Galesburg Register-Mail from Galesburg, Illinois on August 7, 1963 · Page 4
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Galesburg Register-Mail from Galesburg, Illinois · Page 4

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Wednesday, August 7, 1963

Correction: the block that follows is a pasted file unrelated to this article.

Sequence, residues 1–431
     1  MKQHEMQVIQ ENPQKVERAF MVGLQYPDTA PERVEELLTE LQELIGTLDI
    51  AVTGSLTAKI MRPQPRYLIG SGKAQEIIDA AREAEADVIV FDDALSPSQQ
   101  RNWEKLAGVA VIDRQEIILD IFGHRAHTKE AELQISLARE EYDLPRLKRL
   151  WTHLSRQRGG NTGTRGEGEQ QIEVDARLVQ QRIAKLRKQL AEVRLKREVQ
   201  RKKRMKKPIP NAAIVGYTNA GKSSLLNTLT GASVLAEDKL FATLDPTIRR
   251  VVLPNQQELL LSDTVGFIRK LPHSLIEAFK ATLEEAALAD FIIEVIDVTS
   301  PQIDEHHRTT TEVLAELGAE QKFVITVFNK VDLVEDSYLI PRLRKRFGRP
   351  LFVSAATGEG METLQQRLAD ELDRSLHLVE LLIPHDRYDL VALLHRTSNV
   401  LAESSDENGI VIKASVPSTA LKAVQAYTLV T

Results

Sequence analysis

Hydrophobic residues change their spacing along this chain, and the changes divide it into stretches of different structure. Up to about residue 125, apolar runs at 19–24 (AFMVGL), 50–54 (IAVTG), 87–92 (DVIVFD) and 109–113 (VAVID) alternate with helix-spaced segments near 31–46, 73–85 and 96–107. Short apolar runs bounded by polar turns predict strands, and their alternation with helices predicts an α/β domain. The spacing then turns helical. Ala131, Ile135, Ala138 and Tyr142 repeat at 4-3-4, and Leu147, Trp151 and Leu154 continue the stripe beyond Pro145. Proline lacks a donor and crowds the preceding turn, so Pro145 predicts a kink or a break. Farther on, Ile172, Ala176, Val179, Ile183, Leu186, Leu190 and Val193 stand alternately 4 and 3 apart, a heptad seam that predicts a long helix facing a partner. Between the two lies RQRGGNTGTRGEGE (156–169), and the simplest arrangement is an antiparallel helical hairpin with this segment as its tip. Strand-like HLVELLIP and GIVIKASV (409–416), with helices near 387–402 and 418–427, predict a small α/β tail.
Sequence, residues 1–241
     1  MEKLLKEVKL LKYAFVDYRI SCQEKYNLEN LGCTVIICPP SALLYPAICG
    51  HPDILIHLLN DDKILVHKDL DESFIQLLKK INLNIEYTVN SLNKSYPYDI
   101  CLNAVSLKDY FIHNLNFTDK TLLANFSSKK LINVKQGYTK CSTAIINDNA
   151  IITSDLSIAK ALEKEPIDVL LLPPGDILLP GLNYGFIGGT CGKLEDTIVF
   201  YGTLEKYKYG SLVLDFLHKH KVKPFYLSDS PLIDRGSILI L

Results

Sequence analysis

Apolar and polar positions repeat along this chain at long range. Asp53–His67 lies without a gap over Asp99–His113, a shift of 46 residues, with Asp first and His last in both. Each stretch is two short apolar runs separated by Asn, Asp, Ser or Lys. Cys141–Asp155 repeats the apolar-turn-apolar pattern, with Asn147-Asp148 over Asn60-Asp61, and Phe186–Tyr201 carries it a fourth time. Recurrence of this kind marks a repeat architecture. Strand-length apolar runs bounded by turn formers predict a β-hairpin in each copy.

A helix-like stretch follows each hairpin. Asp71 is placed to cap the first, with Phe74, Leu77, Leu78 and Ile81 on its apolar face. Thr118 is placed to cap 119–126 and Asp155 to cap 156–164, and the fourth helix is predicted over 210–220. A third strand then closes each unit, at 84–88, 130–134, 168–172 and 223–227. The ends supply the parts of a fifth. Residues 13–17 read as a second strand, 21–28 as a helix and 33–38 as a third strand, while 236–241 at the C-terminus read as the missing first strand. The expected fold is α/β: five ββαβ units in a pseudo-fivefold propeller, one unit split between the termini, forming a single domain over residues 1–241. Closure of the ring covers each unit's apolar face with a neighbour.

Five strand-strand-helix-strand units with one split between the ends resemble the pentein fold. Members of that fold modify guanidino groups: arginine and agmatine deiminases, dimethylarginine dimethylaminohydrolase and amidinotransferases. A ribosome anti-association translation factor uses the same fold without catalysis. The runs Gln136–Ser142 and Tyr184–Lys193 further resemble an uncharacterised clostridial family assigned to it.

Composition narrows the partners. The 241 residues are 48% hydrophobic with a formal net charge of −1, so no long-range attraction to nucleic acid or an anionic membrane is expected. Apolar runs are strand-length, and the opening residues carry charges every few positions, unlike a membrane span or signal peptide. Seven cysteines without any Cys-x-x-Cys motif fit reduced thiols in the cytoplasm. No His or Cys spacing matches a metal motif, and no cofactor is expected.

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4 Golesburg Register-Moil, Golesburg, 111. Wed,, Aug, 7, 1963 Gift Horse? EDITORIAL Comment and Review Towers of Babble? Any self-righteous Federal Communications Commission employe or official will deny ardently that the government has any intention of taking over the nation's broadcast media for propaganda purposes, or that it will dictate program content. Unhappily, there is growing evidence the other way. Newton Minow, when he headed the outfit, found TV a "vast wasteland," and reminded the stations that their service to the public would be examined when license renewal time came around. The result was a rash of "documentary" productions, some of which were great, and most of which succeeded in making some of the most exciting issues of our time seem deadly dull. FCC spokesmen professed to find this an improvement. The public, which was to be served, tuned out by the millions. Government pressure next was applied to get a one-sided airing for government views that farmers should vote for the Freeman wheat plan. Now the FCC has decided that broadcasters must devote time to the race issue which is racking America—a far more specific directive on what must be broadcast than the industry ever has had before. The FCC "guidelines" specify that broadcasters must provide air time for spokesmen for all "responsible groups," and then ducks any definition of a "responsible" group, except in a spokesmen's remark to the effect that those who are opposed to integration aren't to be considered responsible. This would seem to obligate stations to grant almost unlimited time to advocates of minority demands, and give the stations the option of refusing time to those who might have legal or emotional grounds, good or bad, for opposition. The ideal of free speech never before has hinged on the correctness or soundness of the views of the speaker. That is a mistake, and a serious one. But it is a mistake that was sure to be made once the government began taking a hand in programming. Radio and TV could soon reflect the personal tastes of the rule-makers in Washington, and antennas could soon become towers of babble with little interest for the listener or viewer. More dangerous, they could become brainwashing tools for whomever are the Washington "ins" of the moment, and make it difficult ever to dislodge them. Puerto Rico's Future The relationship between Puerto Rico and the United States is something like a mass of modeling clay. It is permanent and durable enough, but you can shape it any way you like. And it doesn't look exactly the same to all. Rep. Adam Clayton Powell, Jr. (D N.Y.), who has a wife and home in Puerto Rico, calls the relationship "perfumed colonialism." Powell is an advocate of statehood for the commonwealth; some say his long-range aspirations include a U.S. Seriate seat representing Puerto Rico. Gov. Munoz Marin has called the relationship "a new form of political freedom in harmony- with economic freedom. Gov. Munoz advocates continuation of commonwealth status—"now and forevermore"—but on a firmer basis. The chairman of a House Interior subcommittee working on a bill to authorize a Puerto Rican plebiscite, Rep. Leo W. O'Brien (D N.Y.), has said that he doubted whether anyone, himself included, could give a satisfactory definition of the commonwealth political structure. Peurto Ricans are U.S. citizens, but they do not vote in national elections and they do not have voting representation in Congress. They do not pay federal income taxes. They do, however, pay social security taxes and receive social security benefits. Short Haul AUSTIN, Tex. (UPD-Texas Parade magazine reports the smallest railroad reporting to the Interstate Commerce Commisison is a two-fifths of a mile line running from El Paso to the center of the international bridge between that border city and Juarez, Mexico. The El Paso Southern, owned by the Southern Pacific, operates to the point where the tracks meet those of the Chihuahua Pacific Railroad of Mexico. The line owns no rolling stock and rents locomotives. It does not operate on Sundays. Rats cause between $1 billion and $2 billion damage annually to orchards, field crops and other farm products in the United States. Excise taxes collected on goods manufactured in Puerto Rico and duties collected in Puerto Rican ports go to the Puerto Rican government. The federal government exercises much the same kind of authority that it does in the states. The commonwealth uses the federal postal and currency systems and looks to the U.S. Supreme Court for final decisions in legal controversies. The island receives grants and participates in federal housing, road building, school lunch, agricultural research and other programs. The commonwealth concept was largely the creation of Gov. Luis Munoz Marin. Now he proposes a plebiscite to determine whether the island will remain a commonwealth on a firmer basis, will become a state, or will be declared independent. Chairman Wayne N. Aspinall (D Colo.) of the House Committee on Interior and Insular Affairs on April 30 introduced a bill which takes note of a resolution to that effect by the Puerto Rican legislature. But the Aspinall measure would establish a United States Puerto Rican Commission which would first draw up a compact of permanent union, along the lines of the commonwealth formula, which would be submitted to the Puerto Rican people in the plebiscite. This provision has aroused the ire of statehood advocates as "a commitment by Congress to the commonwealth status. The gimmick of the Aspinall bill is that it does not provide Congressional approval of statehood or independence should the people take either option. Statehood has growing support, but it would deprive Puerto Ricans of their tax advantages. Advocates say that "Operation Bootstrap" has about tapped out, but the government still claims one of the world's highest rates of industrial growth. Independence has almost no appeal for Puerto Ricans. The considerable majority appear to prefer permanent commonwealth status, but inasmuch as no U.S. Congress can bind a future Congress, the only real way to assure that would be by amendment of the U.S. Constitution. Coming a Maoist Communist International? By JOHN CHAMBERLAIN THERE IS a theory that the present rift between Khrushchev and China's Mao Tsc-tung is a phony, cooked up to delude the West. Since communist morality is capable of accommodating any sort of criminal ruse, this could turn out to be true. But t h e weight of the evidence ts against it. Surely, if Khrushchev and Mao were plotting together, the Russian Soviet government would not have withdrawn its atomic physicists from Peiping back in 1961, leaving Mao Tse-tting with only a primitive experimental nuclear reactor as the fruit of a short­ lived scientific collaboration. The Red Chinese supposedly have three other experimental reactors, built with the help of renegade Western physicists, but they had to send their uranium to Russia for processing. Russia has controlled Red Chinese access to any significant amount of fissionable stuff. The progress of the Red Chi­ nese in producing deliverable atomic bombs could be a tip-off to the actual state of cooperation between Moscow and Peiping. If ' a Red Chinese bomb comes along, and if Peiping is able to go on from there to make a "family" of bombs, complete with rocket propelling power, we can be relatively certain that the Russians are delivering both technical help and purified uranium or plutonium for use in Chinese reactors. Otherwise we can be at least reasonably sure that the rift between Khrushchev and Mao Tse-tung is real. THERE IS another tip-off, too, that may very well be in the works. To date, there have been four Communist Internationals. The First International was Marx's own, and it collapsed because it was premature. The Second, or Socialist, International had its heyday prior to World War I. The Third International was Lenin's, formed as a splinter group in Switzerland. This particular or­ ganization grew to fearsome proportions once it had a national power base in a Soviet Russia that reached all across the top of the Eurasian continent. As the "Comintern," it has officially been liquidated. Nevertheless, it still exists under various "fronts" and "covers" that are designed as eyewash for us innocent fools in the West. The Fourth International, of course, was Leon Trotsky's. Though Trotsky had his devoted followers all over the world, this organization never succeeded in taking on body and depth. Trotsky tried to direct it from a study desk in a fortified villa outside of Mexico City, where he had been granted asylum. There was a vast'coming and going of Trotskyite agents between New York City and the "old man's" hideout in Mexrco, but there was never much to show for it all beyond some brilliant theoretical journalism in precariously financed Trotskyite journals. The collapse of the Fourth International came in 1940, when a Stalinist agent, a Spaniard gdmg by the names of "Jacques Mornard" and "Frank Jacson" (a misspelling for "Jackson" that occurred on a fake passport), slipped into Trotsky's study and killed him with an alpine ice-axe. The Fourth International failed to take root because it never had a geographical power base. But the Fifth, or Maoist, Communist International, which will surely be forthcoming if the break between Moscow and Peiping is genuine, will have a nation with a population of 700,000,000 people behind it. And its presumptive leader, Mao Tse-tung, will be well protected against any "Jacques Mor- nards" or "Frank Jacsons" armed with ice picks. WHAT THE FIFTH International will have to sell is the so-called "Yenan Way" based on Mao's experience in eluding capture for years in northwest China. It will not use the "Aesopian" language of peace, with its "ban the bomb' 1 appeal to pacifists and groups of housewife defflonstfators. Instead, it will glorify open guerilla warfare throughout 'Southeast Asia, Africa and Latin America. It will live or. blood, not on Aesopian words. And it will make a good living for many a small arms gun runner. Watch foi th« organization of a Fifth International, with lines of influence and force going from Peiping to scores of outposts in tropical jungles. If it materializes, it will be a sure sign that Khrushchev and MaO are in competition for the allegiance of the "underdeveloped" regions of the world. It could portend a far more troublesome and dangerous period for the West than any it has ever known. To nip the development of a Fifth International in the bud, we should do all we can to win on our own "forward position" fronts in Vietnam, Laos and Korea. Copyright 1963 Law Is On the Trail of Congressman Powell By FULTON LEWIS JR. WASHINGTON — "He can run but he can't hide." What Joe Louis once said about Billy Conn seems applicable to Adam Clayton Powell, dapper Congressman-minister from New York's Harlem. Process servers are stationed at Powell's favorite Gotham haunts waiting to slap him with a subpoena ordering his appearance in New York Criminal court Aug. 21. If Powell manages to evade them another subpoena will be issued. And another and another until he is nabbed. Once caught, Powell must show cause why he should not be prosecuted for fraud under Section 1170 of the New York Penal Code. THE STORY begins in 1960, when Powell took the House floor to charge New York cops with racism. The police, he cried, violated the civil rights of Negro criminals, cracking down on their illegal activities while white crooks who paid off New York's finest ran wild. Powell implicated a handful of Negroes in the "lily white" police scandal. One of those he mentioned wah Mrs. Esther Matilda James, a 66 - year - old widow, whom he called a graft collector for crooked cops. When Powell made the charge on New York television, without benefit of Congressional immunity, Mrs. James sued for libel and won a judgment of $211,500 in New York Supreme Court. Powell promptly disappeared and showed no interest in communicating with his constituent. Mrs. James then brought suit in State Supreme Court asking that Powell be thrown in jail until he made some effort to pay her off. THE CONGRESSMAN sent an affidavit to court insisting he could not be arrested on such a charge while Congress was in session. Supreme Court Justice Charles Marks agreed. Mrs. James' energetic attorney, Raymond Rubin, went on television a fortnight ago asking viewers to supply him with information on Mr. Powell's financial affairs. He told my associate, Bill Schulz, of subsequent events. An anonymous tipster revealed that Powell had an account in the Chase Manhattan Bank. A restraining order was served on the bank last week which effectively ties up Powell's account. The Congressman must leave a minimum balance of $423,000 in his account until the dispute with Mrs. James is settled. If he has less than that amount stashed away he can't touch a cent of it. On July 30, Attorney Rubin got Criminal Court to issue a summons for service on Powell, directing him to show cause in court Aug. 21 why he should not be prosecuted for fraud. Rubin discovered that Powell is receiving $1,000 from Esquire Magazine for an upcoming article and has directed the fee be paid to his wife. This, says Rubin, is a violation of Section 1170 of the Penal Code which covers attempts to defraud a creditor, namely Mrs. James. THE TITLE of Powell's article, incidentally, is "The Duties and Responsibilities of a Congressman to the United States." Waiting for Powell at Manhattan's plushest after-dark spots are Mrs. James' subpoena - servers. They have the aid of the New York police, as directed by Criminal Court, in finding their man. If Powell does not show up by Aug. 21, another subpoena will be issued. And another. Once Congress adjourns, a civil subpoena can be issued to force him to show reason why he should not be locked up until he pays. "Sooner or later, we're going to get him," says Attorney Rubin. "And when we do, my client will get her money." Copyright 1963 Goals Too High; Rights Petitioners Face Failure By PETER EDSON WASHINGTON (NEA) — The Aug. 28 March on Washington For Jobs and Freedom by 100,000 or more civil rights demonstrators may be doomed to failure before it starts. Leaders of the six national civil rights organizations sponsoring the march have set their objectives so high they cannot possibly be realized this year. Getting anything less than what the groups want may be considered a defeat, calling for more drastic action later. Initial goal of the march was the passage of President Kennedy's civil rights bill as a bare minimum for this year. Now, however, leaders of the six predominantly Negro organizations have issued a "March Organization Manual No. 1." In it they state their full program. It includes these demands: Passage of the President's program without filibuster. Immediate desegregation of all the nation's schools. A massive public works program to provide jobs for all the unemployed and federal laws to promote an expanding economy. A federal fair employment practices act to bar discrimination by government and private industry. A national minimum wage of $2 an hour. ALL THESE proposals have been made to Congress before in one form or another and have failed. Few, if any, congressmen would admit that these extreme measures could be passed this year. This is especially true in view of the lateness of the session and the competition with major legislation such as tax reduction, the railway labor resolution, nuclear test ban treaty ratification, the backlog of unpassed foreign aid and other appropriation bills for this year. The National Association for the Advancement of Colored People called a civil rights legislative conference in Washington for Aug. 6-8, with a mass meeting the last day. This apparently will be a warm-up for the bigger march on Washington three weeks later. NAACP delegations would be sent to Capitol Hill to ask congressmen for support of the President's program. THE BIG SIX of the march on From Pj. s t. The raS1 £" r Present The But in these last days he has spoken to us by a Son, whom he appointed the heir of all things, through whom also he created the world. — Hebrews 1:2. * * * God be thanked for that good and perfect gift, the gift unspeakable; lbs life, His love, His very self in Jesus Christ. — Maltbie Babcock. ILLINOIS TAX FACTS: Tax Picture of States Varies By MAURICE W. SCOTT SPRINGFIELD — Tax collections of the state governments in fiscal 1962 averaged $112.86 per capita nationwide, but varied from less than $70 per capita in two states to over $200 per capita in Hawaii. Illinois ranked below the average, with $95.57 per capita. It should be fair to point out that such comparisons of state revenues do not present the whole picture of over-all tax burdens borne by the residents of the various states. Some of the variations among the states arise from differences in the division of the responsibility between state and local governments for performing and financing governmental functions. OF ALL THE TAX revenues obtained in 1962 by the states, 58' .o was derived from sales and gross receipts taxes. Today general sales taxes are levied by 37 states, and in 1962 they yielded $5,068,000,000, a 12.4% increase over the 1961 total. On a per capita basis, state revenues from general sales taxes rose by $3.07 —from $24.75 in 1961 to $27.82 in 1962. Of the 37 states in 1962 that levied a general sales tax, 29 relied on it for more than a fourth of their total tax revenues. Seven (Arizona, Hawaii, Illinois, Indiana, Michigan, Washington and West Virginia) obtained 40% or more of their tax revenues from this source. Tax rate increases and rising fuel consumption raised motor fuel taxes to a new record of $3,687,000,000 in 1962, an increase of 97% over the total of a decade ago. State gasoline tax rates ranged from 5c per gallon in some states to 8c in Alaska (rate in Illinois is 5c per gallon). RECEIPTS from a state income tax (individual and corporate) amounted to $4,035,812,000 in 1962. New York collected the largest amount ($1,288,000,000). Other states with high income tax collections in 1962 include California ($590,000,000), Massa chusetts ($211,000,000), Wisconsin ($198,000,000) and Minnesota ($158,000,000). Illinois docs not have an income tax, either personal or corporate. Washington also propose to take other direct action to influence Congress this year. "In the event of a filibuster before Aug. 28," says the last, little-noticed paragraph of Organization Manual No. 1, "march machinery will be used to send daily waves of approximately 1,000 people to Washington for the duration of the filibuster. The Almanac By United Press International Today is Wednesday, Aug. 7, the 219th day of 1963 with 146 to follow. The moon is approaching its last phase. The morning stars are Jupiter and Saturn. The evening stars are Mars and Saturn. On this day in history: In 1942, U. S. Marines landed at Guadalcanal to launch America's first offensive battle in World War II. In 1947, the raft Kon-Tiki landed on a reef in Tuamotu Archipelago after a 4,000 mile voyage from Peru. In 1954, England's Dr. Roger Bannister and Australia's John Landy each ran the "mile of a century" race in less than four minutes. A thought for the day — American writer Ambrose Bierce said: "Woman would be more charming if one could fall into her arms without falling into her hands." REMINISCING Of Bygone Times FIFTY YEARS AGO Thursday, Aug. 7. 1913 Men of East Main Street Congregational Church prepared a meal for the women of the congregation. Although unsanitary conditions in Galesburg caused criticism arising from the sudden occurring of a number of typhoid fever cases, Fred Giddings, city health officer, said that sanitary conditions were much better than usual for that period of time. TWENTY YEARS AGO Saturday, Aug. 7, 1943 Although a predicted heat wave had not yet reached the Galesburg area, temperatures were higher than those of the four previous days. Fluid, leaking from the hydraulic apparatus of the large 80-foot aerial truck at Central Fire Station, resulted in causing mechanic's of the force to be detailed to repair-work. "If the filibuster has not begun by Aug. 28, march participants will be asked to return to Washington at the time of the filibuster in waves of 2,000." These threatened actions go far beyond restrictions being put on the big march of 100,000 or more set for Aug. 28. The planning for this event emphasizes there is to be no interference with the operations or daily routine of Congress. WHILE STATE and Congres­ sional District delegations from the Aug. 28 marchers may be sent to the Senate and House to present petitions for the President's minimum program, the instructions are that, all marchers are to be off Capitol Hill before noon, when Congress normally convenes. Only a small delegation will ask to be received at the White House. All marchers are to be out of town before dark. (Jalesburg I^gister-Mail Office 140 South Prairie Street, Galesburg. Illinois rELEPHONfc. NUMBER Register-Mail Exchange 342-6161 Entered "s Second Class Matter at the Post Office at Galesburg Illinois, under \ct of Congress oi M^-rh 3. 1879 Daily except Sunday Ethel Custer Schmith Publisher Charles Morrow Editor and General Manager M. H. fc,ddy Associate Editor And Director of Public Relations H. H. Clay Managing Editor National Advertising Representative' Ward-Griffith Company Incorporated, New York. Chicago, Detroit. Boston. Atlanta. San Francisco, Los Angeles Philadelphia, Charlotte. MEMPER AUDIT BUREAU OF CIRCULATIONS . MEMBER ASSOC:iA l'ED PRESS The Associated Press is entitled exclusively to the use or republication of all the local news printed in this newspaper as well as all AP news dispatches SUBSCRIPTION RATES By Carrier in City ot Galesburg 35c a Week By RFD mall In our retail trading zone: 1 Vear $10.00 3 Months $3.90 6 Months $ 6.00 1 Month $1.25 No mall subscription* accepted In towns where there is established newspaper boy delivery By Carrier In retail trading zona outside City of Galesburg. 1 week 30c By mall outside retail trading zone in Illinois, Iowa and Missouri and by mdtor route In retail trading zone. 1 Vear $13.00 3 Months $3.7$ 6 Months $ 7.00 1 Month $1.25 By mall outside Illinois, Iowa and Missouri 1 Year $18.00 3 Months $5.00 6 Months $ 9.50 1 Month $2.00 Crossword Puzzzle State Flowers Answer to Previous Puzzle ACROSS 9 Sash 1 "Nutmeg State" J? depravity flower }J Spirit 7 Vermont flower 14 Adroit 21 7 l0 w aehraSSCe 16 beauty 23Fake rose 18 Fuegian Indian 19 Nothing 20 Finis 21 Male name 23 Step 27 Germ-free 32 Hey! B3 Having wings 34 In return 85 "Granite State" flower 36 Controlled 39 Thong 40 Foe 42 Confederates (ab.) 45 Past 46 Varnish. ingredient 49 Flower of Hawaii 52 Game 63 Charm 54 Sailor 56 Appellations 57 Gasoline type DOWN 1 Dodecanese island 2 Soon 3 Constellation 4 Scottish sailyard 5 For example (ab.) 6 Tilts 7 Hindu disciples 8 Household god 24 Roman robe 25 Wolfhound 26 Dorsal bones 28 Fold tvar.) 29 Hall (Sp.) 30 (ireenland Eskimos 31 Hyperbolic function 37 Makes into law 38 Rodent 41 Rapid (music) 42 Small talk 43 Dodecanese island 44 Touch on 46 Tibetan priest 47 Galway Bay island 48 Strobile 50 Sick 51 Bishopric 52 Unctuous 55 Out of (prefix) I 113" ft b k 5 [15 fir 23 24 25 26 32 34 36 8 [12 1ST 55 |33 35 39 EST" 147 NEWSPAPER ENTERPRISE ASSN,